Frank P. FOGERTY and Nathan Crow, Plaintiffs-Appellants, v. MGM GROUP HOLDINGS CORP., INC., d/b/a MGM Universal Music Group, Inc., Universal Studios, Inc., and EON Productions, Ltd., Defendants-Appellees.
Plaintiffs Frank P. Fogerty and Nathan Crow appeal the district court's order granting summary judgment and awarding attorneys' fees to defendants (collectively, “MGM”) in this copyright infringement case. As we agree with the district court that plaintiffs have not presented a sustainable theory of relief, we affirm that ruling. As we disagree with the district court's award of attorneys' fees, we reverse that ruling.
Michael Wilson and Barbara Broccoli, the current producers of the James Bond films and principals of Eon Productions, Ltd., sought a composer to write the musical score for the nineteenth Bond film-“The World Is Not Enough.” In September 1998, Wilson and Broccoli selected David Arnold, a London-based composer, a Grammy award winner for the musical score for “Independence Day,” and the author of the end theme song for the Bond film “Tomorrow Never Dies.” Arnold maintains a private recording studio in London, where he composed the theme song and gave it the same name as the film. In writing the song, Arnold collaborated with lyricist Don Black, who also lives in London and who has written the lyrics to the theme songs for four previous Bond films. Arnold and Black met several times in November and December of 1998 to discuss the lyrics for “The World Is Not Enough,” and they exchanged phone calls, faxes and e-mails during that time in collaborating on the song.
Arnold also contacted Shirley Manson, the Scottish-born lead singer for the rock-group “Garbage,” and asked her to record the song. She agreed.
Between late October and November of 1998, Arnold played the melody of “The World Is Not Enough” over the phone to his personal assistant Trish Hillis, before whom he often informally auditioned his songs. According to Arnold, he “strung some la-la's together, and all of a sudden the [song] came to life, and [he] thought [that was] probably it.” JA 229. On December 26, 1998, Arnold again played “The World Is Not Enough” for Hillis, this time on a piano at his London home. When Arnold played the music for Hillis, he had completed the song and lyrics, save for the bridge-a brief transition of approximately eight bars in the middle of the song. In December 1998, Arnold also played the melody for Geoff Foster and Isabel Griffiths, employees of Air Studios, on a grand piano in the studio's main hall.
In early January 1999, Arnold completed the song and created a “demo” recording of it on his computer at his private recording studio. Arnold's computer shows January 6, 1999 as the last day he modified the demo recording.
At roughly this time, Arnold played “The World Is Not Enough” for Michael Wilson and Barbara Broccoli, the producers of the upcoming film. They liked the song. On January 8, 1999, Arnold traveled to Pinewood Studios in England and played the song for Michael Apted, the director of “The World Is Not Enough,” who “was extremely pleased with [the song].” JA 233.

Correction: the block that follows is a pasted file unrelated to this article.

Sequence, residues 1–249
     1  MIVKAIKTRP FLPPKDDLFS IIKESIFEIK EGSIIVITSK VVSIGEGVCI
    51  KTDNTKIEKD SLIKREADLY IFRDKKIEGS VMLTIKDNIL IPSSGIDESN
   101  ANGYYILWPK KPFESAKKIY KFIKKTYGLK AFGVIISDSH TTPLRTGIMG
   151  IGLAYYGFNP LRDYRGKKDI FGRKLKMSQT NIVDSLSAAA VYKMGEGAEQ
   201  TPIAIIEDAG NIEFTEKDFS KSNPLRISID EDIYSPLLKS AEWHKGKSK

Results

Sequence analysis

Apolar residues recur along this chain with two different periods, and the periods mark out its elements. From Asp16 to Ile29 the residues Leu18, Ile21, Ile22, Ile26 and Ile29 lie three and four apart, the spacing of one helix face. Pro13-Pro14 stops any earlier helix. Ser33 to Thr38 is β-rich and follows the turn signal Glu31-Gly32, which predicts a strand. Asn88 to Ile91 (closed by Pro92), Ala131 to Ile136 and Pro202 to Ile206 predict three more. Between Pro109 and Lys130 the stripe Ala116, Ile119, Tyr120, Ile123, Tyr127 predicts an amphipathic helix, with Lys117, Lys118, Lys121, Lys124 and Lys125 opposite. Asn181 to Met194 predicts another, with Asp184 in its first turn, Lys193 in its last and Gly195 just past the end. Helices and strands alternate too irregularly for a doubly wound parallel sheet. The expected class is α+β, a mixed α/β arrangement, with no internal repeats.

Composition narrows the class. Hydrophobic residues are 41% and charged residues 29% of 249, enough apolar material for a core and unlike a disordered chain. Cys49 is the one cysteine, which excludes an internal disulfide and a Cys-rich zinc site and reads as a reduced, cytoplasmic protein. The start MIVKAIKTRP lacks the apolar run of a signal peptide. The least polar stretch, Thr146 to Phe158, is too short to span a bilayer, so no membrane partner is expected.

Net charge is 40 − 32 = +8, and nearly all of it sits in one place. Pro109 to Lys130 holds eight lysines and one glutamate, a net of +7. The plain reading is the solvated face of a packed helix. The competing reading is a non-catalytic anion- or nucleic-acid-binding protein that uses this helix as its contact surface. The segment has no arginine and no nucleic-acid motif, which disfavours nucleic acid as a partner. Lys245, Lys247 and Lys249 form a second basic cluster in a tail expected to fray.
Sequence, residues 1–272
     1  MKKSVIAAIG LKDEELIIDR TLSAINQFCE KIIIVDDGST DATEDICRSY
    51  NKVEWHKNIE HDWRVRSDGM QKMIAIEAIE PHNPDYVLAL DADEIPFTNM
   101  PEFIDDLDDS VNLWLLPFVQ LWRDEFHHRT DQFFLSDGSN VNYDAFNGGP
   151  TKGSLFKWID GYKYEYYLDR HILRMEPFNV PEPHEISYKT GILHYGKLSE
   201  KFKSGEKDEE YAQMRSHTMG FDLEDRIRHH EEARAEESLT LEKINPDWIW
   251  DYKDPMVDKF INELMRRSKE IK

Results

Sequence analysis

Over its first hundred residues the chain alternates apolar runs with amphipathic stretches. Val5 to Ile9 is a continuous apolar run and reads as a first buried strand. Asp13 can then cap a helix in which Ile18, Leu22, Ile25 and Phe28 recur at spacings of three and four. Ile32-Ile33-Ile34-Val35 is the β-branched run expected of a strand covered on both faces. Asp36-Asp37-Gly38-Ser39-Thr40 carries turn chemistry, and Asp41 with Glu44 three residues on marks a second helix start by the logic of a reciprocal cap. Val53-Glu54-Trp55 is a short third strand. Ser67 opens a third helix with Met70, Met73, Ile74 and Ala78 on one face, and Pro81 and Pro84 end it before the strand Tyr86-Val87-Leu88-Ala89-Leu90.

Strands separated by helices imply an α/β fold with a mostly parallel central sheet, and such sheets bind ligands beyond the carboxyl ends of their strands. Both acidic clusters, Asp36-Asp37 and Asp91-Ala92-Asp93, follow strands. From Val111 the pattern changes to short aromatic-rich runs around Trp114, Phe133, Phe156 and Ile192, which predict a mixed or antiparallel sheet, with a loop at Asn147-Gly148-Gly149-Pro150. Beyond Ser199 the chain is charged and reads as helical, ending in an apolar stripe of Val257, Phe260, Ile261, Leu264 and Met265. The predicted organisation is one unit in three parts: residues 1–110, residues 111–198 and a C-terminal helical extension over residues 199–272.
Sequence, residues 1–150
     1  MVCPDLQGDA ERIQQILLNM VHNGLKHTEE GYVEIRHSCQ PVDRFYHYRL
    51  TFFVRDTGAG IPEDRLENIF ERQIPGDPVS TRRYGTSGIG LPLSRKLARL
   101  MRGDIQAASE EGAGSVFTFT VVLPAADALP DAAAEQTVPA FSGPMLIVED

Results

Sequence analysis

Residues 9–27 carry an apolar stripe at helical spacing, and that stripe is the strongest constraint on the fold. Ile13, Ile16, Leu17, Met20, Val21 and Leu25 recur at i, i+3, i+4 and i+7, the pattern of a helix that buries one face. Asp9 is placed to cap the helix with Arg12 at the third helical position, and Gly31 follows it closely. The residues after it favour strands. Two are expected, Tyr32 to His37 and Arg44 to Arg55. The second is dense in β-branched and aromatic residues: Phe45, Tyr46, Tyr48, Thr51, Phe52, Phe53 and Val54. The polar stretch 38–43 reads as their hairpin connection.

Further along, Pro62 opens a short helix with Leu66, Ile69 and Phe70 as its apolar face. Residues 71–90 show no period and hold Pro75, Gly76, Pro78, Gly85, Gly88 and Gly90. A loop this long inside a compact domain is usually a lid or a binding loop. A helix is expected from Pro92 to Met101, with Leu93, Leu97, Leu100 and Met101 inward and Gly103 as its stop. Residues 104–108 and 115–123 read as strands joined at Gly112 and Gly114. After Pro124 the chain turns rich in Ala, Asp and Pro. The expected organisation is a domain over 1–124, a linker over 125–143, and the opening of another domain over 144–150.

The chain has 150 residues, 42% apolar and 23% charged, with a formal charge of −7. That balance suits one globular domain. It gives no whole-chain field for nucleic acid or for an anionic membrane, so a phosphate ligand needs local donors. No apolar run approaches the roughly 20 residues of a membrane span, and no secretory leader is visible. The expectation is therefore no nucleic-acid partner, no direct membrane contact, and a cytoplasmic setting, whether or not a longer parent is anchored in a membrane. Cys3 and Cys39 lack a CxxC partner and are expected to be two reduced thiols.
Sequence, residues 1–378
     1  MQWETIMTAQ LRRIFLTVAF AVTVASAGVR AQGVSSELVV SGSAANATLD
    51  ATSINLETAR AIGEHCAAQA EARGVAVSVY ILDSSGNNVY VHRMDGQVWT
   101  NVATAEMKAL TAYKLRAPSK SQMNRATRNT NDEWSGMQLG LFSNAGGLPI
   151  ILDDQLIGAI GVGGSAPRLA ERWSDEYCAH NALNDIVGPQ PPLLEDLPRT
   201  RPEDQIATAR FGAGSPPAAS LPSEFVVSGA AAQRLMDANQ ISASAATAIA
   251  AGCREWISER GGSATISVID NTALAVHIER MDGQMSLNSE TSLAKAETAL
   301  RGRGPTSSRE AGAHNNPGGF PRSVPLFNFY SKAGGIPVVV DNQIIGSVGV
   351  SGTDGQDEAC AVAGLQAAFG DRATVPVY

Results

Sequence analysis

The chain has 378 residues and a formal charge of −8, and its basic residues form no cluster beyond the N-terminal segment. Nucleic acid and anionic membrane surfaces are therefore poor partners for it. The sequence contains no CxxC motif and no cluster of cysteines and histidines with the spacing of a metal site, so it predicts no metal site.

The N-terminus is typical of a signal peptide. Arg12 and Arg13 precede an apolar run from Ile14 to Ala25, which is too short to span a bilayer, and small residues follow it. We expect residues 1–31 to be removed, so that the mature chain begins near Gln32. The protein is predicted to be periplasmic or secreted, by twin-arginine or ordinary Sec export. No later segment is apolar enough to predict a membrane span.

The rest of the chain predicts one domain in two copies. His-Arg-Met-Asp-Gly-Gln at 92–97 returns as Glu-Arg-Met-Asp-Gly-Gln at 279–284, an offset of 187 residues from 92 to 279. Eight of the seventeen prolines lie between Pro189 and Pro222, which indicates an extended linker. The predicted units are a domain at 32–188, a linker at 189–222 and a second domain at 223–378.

Arnold next asked Trish Hillis to deliver a copy of the demo to Shirley Manson, who (as noted) had agreed to record the song. On January 19, Hillis's phone log shows that she contacted Ian Wesley, the general manager of Mushroom Records, Garbage's record label. Wesley told Hillis that Manson was staying at the Royal Garden Hotel in London and to deliver the recording to the hotel at 10 a.m. the next day. On January 20, after Hillis arrived at the Royal Garden Hotel, she called Harold Kohl, Garbage's tour manager, who told her to leave the recording at the front desk. A bill from the Royal Garden Hotel indicates that Shirley Manson stayed there on January 20, 1999, and Manson later recalled receiving the song from Kohl in January 1999 while staying at the hotel.
Arnold next sent a recording of the song to his American agent, Vas Vangelos, who lives in Los Angeles. An invoice shows that Air Studios billed Eon Productions for a shipment to Vangelos on February 2, 1999. Michael Sandoval, then an executive vice president at MGM, requested a copy of “The World Is Not Enough” from Vangelos. Sandoval received “The World Is Not Enough” on February 4, 1999, and he played the song for other MGM executives. No one apparently liked the song initially because it was a ballad and because they had hoped for a theme song with a different tempo.
On the same day (February 4, 1999), Nathan Crow visited Michael Sandoval at MGM and delivered a recording of his song “This Game We Play,” which he had co-written with Frank P. Fogerty. According to Crow, Sandoval liked the song, suggested that he might consider it for the 1999 film “The Thomas Crown Affair” and kept a copy of the recording. Arnold's “The World Is Not Enough,” it turns out, shares an identical four-note sequence with Crow's “This Game We Play.”
Before Manson recorded the commercial version of “The World Is Not Enough,” MGM contacted Arnold in March of 1999 and suggested that a “three-note motif” in “The World Is Not Enough” was too similar to a motif in earlier Bond theme songs. Arnold agreed to remove the three-note sequence, which all agree is unrelated to the four-note sequence that “This Game We Play” and “The World Is Not Enough” have in common.